Things to consider if you’re extending your mortgage repayment holiday

Homeowners who have taken mortgage payment holidays due to coronavirus can extend their payment breaks by a further three months, or start making reduced payments if they’re able to.

More than 1.8 million mortgage payment holidays have been taken so far by homeowners who have been financially impacted by the pandemic. The payment breaks were introduced in March, which means the first of them are due to finish in June.

Those who are still struggling to pay will be contacted by their lenders and offered a three-month extension to their payment holiday, along with other options, such as temporarily switching to an interest-only mortgage, or paying back a proportion of their monthly payments. Anyone who has yet to take a mortgage payment holiday will be able to do so until 31 October.

If you’re considering a mortgage payment holiday, or you’ve already taken one which you’re planning to extend, there are several things to consider first.

A payment holiday won’t affect your credit score, but it may be taken into account when you remortgage

Although taking a mortgage repayment holiday won’t affect your credit score, this doesn’t mean lenders won’t take it into account when you remortgage.

Some lenders may be more wary about accepting your mortgage application if you’ve had to take a break from payments in the past because you’ve experienced financial difficulties, so the sooner you’re able to get back on track the better.

Lenders will each have their own view on this, so it’s a good idea to seek advice from a mortgage broker about the best options for you.

The longer the mortgage break you take, the more your mortgage balance will increase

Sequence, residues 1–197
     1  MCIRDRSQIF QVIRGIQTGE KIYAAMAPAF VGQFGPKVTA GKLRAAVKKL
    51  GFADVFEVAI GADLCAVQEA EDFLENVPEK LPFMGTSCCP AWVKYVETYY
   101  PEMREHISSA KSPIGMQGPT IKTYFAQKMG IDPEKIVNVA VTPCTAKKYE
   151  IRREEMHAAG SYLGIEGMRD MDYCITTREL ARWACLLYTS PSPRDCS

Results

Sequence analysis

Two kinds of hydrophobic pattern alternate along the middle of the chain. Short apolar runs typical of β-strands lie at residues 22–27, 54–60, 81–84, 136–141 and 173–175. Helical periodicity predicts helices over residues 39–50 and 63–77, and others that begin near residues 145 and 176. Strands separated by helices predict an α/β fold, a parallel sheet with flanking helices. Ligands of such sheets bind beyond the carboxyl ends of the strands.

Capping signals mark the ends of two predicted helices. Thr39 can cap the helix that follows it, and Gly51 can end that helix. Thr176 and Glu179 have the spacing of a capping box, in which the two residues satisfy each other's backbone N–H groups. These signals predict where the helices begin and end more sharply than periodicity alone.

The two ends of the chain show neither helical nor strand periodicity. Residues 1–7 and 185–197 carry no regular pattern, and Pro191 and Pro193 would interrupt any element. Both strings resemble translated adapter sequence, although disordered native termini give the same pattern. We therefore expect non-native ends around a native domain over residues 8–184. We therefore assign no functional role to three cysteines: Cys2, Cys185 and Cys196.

Taking a mortgage payment holiday may provide financial relief for a short period, but payments are only being deferred rather than written off.

This means when your payment holiday ends, your monthly payments will increase and be recalculated over your remaining mortgage term, so the longer the break you take, the more you’ll have to pay once your payments resume.

A spokesman for Halifax said: “Mortgage payment holidays can help with a temporary reduction in outgoings.

“However, your mortgage balance will increase and you will pay more over the term of your mortgage. So, it’s important that you only apply if you’re currently having difficulties making your mortgage payments.”

Some lenders have put additional measures in place to help customers affected by coronavirus

Check with your lender to see what other support they may be able to offer you if you’re struggling to pay your mortgage.

For example, Nationwide Building Society has said it will offer extended help to those affected by coronavirus, including the option for homeowners to make partial payments via temporary interest-only arrangements.

It has also promised that no-one with a Nationwide mortgage falling into arrears as a result of Covid-19 will lose their home in the next 12 months – until the end of May 2021 – as long as they work with the Society to get their finances back on track.

Santander and Nationwide, along with other lenders including Halifax and NatWest, have said that savings customers with money tied up in fixed rate saving accounts can access their money without penalty if it is needed to help them cover living costs, such as monthly mortgage payments.

Affordability criteria may have changed

If you take a payment holiday because your income has reduced, bear in mind that when you come to remortgage your lender will usually base the amount you can borrow on your new income.

For example, NatWest says that its affordability assessments will be based on the applicant’s new revised income whether it has changed permanently or temporarily, or if they are on the government’s Coronavirus Job Retention Scheme.

Nationwide will accept 80 per cent of income if a borrower has been furloughed, but won’t include bonuses, overtime or commission when assessing affordability.

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